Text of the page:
The city of Gary can roll out the welcome mat once again after the Court of Appeals of Indiana found that much of its welcoming ordinance did not violate state law.
In 2017, Gary passed its “Welcoming City” ordinance to “ensure that the immigration status of those who live, work, or pass through Gary will not affect how they are treated by Gary agencies and agents, including its police department and social services providers.”
Jeff Nicholson, Douglas Grimes, Greg Serbon and Cheree Calabro subsequently filed a complaint, alleging that four provisions of the ordinance violated Indiana Code §§ 5-2-18.2-3 and -4. The provisions were:
- Section 26-52, which prohibits Gary’s agencies or agents from requesting information, investigating or helping to investigation the citizenship or assisting in the investigation of the citizenship or immigration status of any person unless required by a court order.
- Section 26-55, which prohibits agents and agencies from stopping, arresting, detaining or continuing to detain a person after that person becomes eligible for release from custody or is free to leave an encounter with an agent or agency.
- Section 26.58, which requires the Gary Police Department to recognize that an arrest increases an individual’s risk of deportation even in cases where the person is found to be not guilty.
- Section 26.59, which holds that municipal agencies are not prohibited from sending to or receiving from any local, state or federal agency information regarding an individual’s citizenship or immigration status.
Following a hearing, Lake Superior Judge Stephen Scheele issued an order granting Nicholson’s summary judgment motion and denying Gary’s summary judgment motion. It prohibited Gary from enforcing the provisions in the four sections that violate I.C. 5-2-18.2- 3 and -4.
The city of Gary appealed and in City of Gary v. Jeff Nicholson, Douglas Grimes, Greg Serbon, and Cheree Calabro, and State of Indiana, 20A-MI-2317, the Court of Appeals of Indiana held that the part of Section 26-52 that prohibits any agent or agency from assisting in the investigation of citizenship or immigration status of a person violates I.C. 5-2-18.2-3.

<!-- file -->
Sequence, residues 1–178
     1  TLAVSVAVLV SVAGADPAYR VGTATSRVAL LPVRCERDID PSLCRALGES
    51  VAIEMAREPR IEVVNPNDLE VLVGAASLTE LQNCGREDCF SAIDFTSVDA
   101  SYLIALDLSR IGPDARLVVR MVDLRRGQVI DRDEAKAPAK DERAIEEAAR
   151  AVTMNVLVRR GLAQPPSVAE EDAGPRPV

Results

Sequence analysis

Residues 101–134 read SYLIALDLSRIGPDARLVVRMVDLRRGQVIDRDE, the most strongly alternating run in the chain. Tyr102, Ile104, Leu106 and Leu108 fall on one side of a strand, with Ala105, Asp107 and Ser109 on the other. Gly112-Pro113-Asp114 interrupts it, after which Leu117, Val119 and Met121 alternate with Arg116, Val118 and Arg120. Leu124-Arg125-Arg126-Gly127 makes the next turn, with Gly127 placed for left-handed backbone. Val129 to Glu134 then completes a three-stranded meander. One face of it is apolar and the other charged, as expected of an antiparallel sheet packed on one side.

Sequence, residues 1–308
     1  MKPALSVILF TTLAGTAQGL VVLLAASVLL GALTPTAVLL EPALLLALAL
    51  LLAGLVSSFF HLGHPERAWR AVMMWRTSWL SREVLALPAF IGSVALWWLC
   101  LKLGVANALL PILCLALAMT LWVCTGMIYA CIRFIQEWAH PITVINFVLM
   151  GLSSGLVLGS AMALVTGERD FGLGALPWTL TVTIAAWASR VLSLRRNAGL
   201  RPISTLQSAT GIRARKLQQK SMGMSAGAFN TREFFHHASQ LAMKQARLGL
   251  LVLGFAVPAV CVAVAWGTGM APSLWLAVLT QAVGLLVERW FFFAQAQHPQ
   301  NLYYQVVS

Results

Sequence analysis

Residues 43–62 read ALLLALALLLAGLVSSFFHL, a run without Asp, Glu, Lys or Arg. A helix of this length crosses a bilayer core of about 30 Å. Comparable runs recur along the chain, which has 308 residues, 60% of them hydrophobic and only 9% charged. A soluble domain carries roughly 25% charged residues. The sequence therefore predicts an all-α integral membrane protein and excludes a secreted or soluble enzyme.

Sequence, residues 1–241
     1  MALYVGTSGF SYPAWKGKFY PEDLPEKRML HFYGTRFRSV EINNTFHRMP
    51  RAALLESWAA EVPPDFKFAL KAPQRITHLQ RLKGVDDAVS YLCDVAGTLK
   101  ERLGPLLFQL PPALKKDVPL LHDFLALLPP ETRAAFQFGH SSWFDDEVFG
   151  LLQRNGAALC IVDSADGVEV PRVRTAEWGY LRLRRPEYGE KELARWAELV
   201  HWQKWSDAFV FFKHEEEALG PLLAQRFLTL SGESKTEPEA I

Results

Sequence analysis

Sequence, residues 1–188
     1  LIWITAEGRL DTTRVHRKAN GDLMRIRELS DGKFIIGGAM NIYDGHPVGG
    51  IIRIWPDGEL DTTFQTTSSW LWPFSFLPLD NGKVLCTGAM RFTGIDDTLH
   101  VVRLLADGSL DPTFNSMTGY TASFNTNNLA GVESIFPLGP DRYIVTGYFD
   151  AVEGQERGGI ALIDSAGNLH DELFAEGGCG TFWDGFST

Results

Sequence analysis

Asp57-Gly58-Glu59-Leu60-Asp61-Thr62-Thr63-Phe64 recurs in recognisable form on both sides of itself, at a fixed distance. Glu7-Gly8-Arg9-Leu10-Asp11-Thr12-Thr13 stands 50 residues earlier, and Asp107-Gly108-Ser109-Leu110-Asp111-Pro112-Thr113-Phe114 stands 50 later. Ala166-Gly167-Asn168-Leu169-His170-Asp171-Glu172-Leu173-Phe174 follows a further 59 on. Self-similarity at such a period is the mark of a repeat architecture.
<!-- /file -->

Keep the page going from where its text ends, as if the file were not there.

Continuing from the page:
The panel split on Section 26-55 subsections (a) through (c). These subsections prohibit a city agent or agency from holding a person after that individual becomes eligible for release based on an immigration detainer, an administrative warrant or any other basis that is solely based on the belief that the person is not present legally in the United States.
Gary argued, in part, that such detentions based solely on civil immigration violations violate the Fourth Amendment.
The majority of the appellate panel agreed.
“As the Supreme Court stated in Arizona, ‘[a]s a general rule, it is not a crime for a removable alien to remain present in the United States,’” Judge Edward Najam wrote for the majority, citing Arizona v. United States, 576 U.S. 387, 381 (2012). “… Accordingly, on the narrow question presented here, we hold that the detention of a person ‘not otherwise detained by a criminal justice agency’ based on an immigration detainer or an administrative warrant would violate the Fourth Amendment and, thus, subsections (a) through (c) of Section 26-55 do not violate Section 4.”
Judge Elaine Brown dissented from the majority’s finding that subsections (a) through (c) of Section 26-55 remain valid and enforceable.
Citing Tenorio-Serrano v. Driscoll, 324 F. Supp. 3d 1053 (D. Ariz. 2018), where the defendant sued local law enforcement challenging their policy of holding individuals in state custody for up to 48 additional hours as requested by Immigration and Customs Enforcement, she argued neither civil immigration detainers nor administrative warrants violate the Fourth Amendment.
In a footnote, the majority rebutted the dissent. It cited Abel v. United States, 362 U.S. 217 (1960), and pointed out the Supreme Court declined to address the constitutionality of detainers and administrative warrants under the Fourth Amendment. Also, the majority noted that Tenorio-Serrano relies on El Cenizo, 890 F.3d 1264 (5th Cir. 2018), and the Indiana appellate court follows opinions from the 1st, 3rd and 9th Circuit Courts as well as the U.S. District Court for the Southern District of Indiana.